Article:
Colonel Wildman commissioned major alterations, however, including the provision of a side-gallery (fashioned from an adjoining room), to form a private chapel. A chaplain was appointed in 1864 and worship on the site could then be facilitated after an interval of three centuries. The Revd Curtis Jackson was the first chaplain and he lived just outside the Abbey Gates in The Hutt, an inn which belonged to the Estate and which had its licence revoked before the clergyman could live there. Succeeding chaplains lived at The Hutt until 1895, when it reverted to its former use as a hostelry.

After worship at the Abbey Chapel became possible, estate workers and their families from the scattered 'village' of Newstead attended, although strict segregation was in force. The Colonel with his wife and their guests would take their places in the gallery, then the butler would sit on one side of the aisle with all the men behind him, whilst the housekeeper sat on the other side of the aisle with all the women behind her.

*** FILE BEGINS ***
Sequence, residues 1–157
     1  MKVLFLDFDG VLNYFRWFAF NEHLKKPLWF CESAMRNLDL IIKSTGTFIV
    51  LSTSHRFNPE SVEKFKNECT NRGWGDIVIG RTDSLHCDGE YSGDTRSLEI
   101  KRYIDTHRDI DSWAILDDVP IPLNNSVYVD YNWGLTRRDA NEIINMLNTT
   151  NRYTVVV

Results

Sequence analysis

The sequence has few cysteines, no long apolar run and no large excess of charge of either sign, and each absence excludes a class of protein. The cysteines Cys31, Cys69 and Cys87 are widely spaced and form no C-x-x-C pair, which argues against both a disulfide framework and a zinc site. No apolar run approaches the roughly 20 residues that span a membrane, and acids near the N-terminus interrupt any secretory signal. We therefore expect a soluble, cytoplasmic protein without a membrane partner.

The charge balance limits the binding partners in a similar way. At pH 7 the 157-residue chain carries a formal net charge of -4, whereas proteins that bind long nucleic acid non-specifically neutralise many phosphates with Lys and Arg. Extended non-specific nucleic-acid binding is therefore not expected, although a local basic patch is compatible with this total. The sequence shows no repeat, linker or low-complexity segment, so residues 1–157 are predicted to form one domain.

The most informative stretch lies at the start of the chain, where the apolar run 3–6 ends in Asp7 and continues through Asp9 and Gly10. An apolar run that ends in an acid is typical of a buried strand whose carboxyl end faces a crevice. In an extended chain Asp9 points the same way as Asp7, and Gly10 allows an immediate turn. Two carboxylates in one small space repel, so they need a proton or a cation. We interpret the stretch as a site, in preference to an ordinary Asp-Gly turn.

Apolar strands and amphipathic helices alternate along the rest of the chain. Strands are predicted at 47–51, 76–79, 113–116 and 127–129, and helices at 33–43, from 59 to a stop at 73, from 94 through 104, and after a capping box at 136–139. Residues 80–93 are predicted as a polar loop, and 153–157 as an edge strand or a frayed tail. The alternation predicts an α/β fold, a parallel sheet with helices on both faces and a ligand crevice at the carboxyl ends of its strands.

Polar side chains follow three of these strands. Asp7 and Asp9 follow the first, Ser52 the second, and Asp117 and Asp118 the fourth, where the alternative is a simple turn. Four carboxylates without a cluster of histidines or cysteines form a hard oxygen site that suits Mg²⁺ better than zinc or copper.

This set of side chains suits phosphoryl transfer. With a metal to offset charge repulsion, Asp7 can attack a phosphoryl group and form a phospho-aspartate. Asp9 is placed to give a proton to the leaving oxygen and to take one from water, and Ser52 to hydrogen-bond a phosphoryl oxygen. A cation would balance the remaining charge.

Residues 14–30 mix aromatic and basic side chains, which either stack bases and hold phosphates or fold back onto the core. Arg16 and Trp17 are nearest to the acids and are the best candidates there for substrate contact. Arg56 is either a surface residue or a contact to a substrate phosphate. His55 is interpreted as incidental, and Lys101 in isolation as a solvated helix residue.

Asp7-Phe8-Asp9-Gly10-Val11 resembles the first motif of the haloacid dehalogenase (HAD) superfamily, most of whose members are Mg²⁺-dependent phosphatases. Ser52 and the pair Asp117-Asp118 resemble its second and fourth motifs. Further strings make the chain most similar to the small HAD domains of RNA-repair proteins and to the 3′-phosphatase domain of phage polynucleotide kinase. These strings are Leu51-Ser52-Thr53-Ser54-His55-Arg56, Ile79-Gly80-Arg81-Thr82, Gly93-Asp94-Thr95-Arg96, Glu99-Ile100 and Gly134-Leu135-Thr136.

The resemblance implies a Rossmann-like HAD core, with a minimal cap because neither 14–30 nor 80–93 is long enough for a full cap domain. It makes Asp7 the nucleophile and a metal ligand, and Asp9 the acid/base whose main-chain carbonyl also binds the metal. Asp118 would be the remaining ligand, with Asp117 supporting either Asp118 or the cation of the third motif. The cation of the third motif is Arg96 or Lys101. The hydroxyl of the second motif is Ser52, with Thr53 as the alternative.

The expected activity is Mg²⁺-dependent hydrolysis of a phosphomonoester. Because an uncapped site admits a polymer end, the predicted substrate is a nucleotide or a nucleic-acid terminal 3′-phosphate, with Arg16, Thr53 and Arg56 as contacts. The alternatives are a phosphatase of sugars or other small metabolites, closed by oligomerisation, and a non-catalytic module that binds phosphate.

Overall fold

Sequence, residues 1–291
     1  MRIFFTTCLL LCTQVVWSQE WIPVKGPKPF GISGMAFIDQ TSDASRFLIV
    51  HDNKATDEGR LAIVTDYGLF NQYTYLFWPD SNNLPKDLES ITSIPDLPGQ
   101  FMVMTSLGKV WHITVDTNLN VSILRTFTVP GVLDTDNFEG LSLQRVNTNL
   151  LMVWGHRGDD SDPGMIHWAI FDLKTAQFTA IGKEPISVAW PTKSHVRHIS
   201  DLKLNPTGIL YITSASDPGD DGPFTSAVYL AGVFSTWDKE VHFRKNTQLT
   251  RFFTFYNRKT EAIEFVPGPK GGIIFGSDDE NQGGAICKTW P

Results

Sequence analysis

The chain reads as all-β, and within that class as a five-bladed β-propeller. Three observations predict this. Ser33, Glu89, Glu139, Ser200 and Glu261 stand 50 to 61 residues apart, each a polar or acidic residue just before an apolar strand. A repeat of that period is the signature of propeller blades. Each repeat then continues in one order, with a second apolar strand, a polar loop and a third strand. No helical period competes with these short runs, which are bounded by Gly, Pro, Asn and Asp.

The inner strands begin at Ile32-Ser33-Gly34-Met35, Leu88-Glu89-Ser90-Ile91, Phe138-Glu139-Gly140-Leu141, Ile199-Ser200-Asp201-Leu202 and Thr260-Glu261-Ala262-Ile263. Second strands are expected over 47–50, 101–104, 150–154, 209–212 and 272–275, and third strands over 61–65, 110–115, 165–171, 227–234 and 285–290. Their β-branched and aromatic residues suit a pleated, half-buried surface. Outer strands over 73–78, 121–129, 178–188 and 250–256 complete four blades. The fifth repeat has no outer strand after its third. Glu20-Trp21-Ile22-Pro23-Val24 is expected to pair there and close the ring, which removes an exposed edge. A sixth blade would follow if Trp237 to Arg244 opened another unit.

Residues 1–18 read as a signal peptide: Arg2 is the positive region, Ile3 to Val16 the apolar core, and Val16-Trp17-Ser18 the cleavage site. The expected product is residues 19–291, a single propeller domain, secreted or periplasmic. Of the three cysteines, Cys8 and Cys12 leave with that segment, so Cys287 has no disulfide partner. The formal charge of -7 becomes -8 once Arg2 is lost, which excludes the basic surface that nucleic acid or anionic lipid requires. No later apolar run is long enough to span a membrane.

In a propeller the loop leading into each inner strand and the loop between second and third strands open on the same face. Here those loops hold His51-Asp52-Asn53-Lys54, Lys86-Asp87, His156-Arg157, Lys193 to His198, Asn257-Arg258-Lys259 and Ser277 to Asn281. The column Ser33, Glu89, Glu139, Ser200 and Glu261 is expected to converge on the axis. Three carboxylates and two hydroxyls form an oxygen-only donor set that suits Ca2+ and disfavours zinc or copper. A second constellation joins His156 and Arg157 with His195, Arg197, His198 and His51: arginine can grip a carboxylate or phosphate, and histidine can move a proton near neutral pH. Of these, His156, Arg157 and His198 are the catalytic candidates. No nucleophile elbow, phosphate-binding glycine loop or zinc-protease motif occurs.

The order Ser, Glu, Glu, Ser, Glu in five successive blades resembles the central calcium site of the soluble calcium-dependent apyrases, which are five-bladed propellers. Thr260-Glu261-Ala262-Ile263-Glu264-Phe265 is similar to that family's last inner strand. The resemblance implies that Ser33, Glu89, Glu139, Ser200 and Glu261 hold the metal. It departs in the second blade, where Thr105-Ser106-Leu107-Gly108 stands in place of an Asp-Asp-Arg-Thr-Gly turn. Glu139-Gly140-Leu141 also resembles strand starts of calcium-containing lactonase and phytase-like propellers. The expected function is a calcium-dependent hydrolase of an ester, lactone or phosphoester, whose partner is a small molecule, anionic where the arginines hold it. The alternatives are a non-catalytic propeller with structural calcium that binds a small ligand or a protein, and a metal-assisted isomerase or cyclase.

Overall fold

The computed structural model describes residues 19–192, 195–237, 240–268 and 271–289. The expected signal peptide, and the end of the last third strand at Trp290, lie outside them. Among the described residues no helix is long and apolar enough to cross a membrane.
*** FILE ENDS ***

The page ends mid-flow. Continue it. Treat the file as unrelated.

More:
In 1860 the Abbey was bought by William Frederick Webb and then, when he died in 1899 his estates at Newstead and at Cowton (North Yorkshire) passed to his daughter Lady Chermside, who died without issue in 1910. They then passed to another daughter, Miss Ethel Webb, who died in 1915 and then to trustees for the benefit of his son, Captain Roderick Webb who died on active service in 1916. Upon Ethel Webb’s death the Estate was leased to Sir Arthur Markham, who also died in 1916. His widow Lady Markham stayed in residence until the lease ran out in 1920.

The next owner was W F Webb’s daughter Mrs Augusta Fraser of Reelig, Invernesshire who took up residence in 1920 as soon as Lady Markham left. Her son, Charles Ian Fraser, attended the University of Oxford in 1918 and then, when he came of age in 1924, took full control of the Estate, which at that point became disentailed.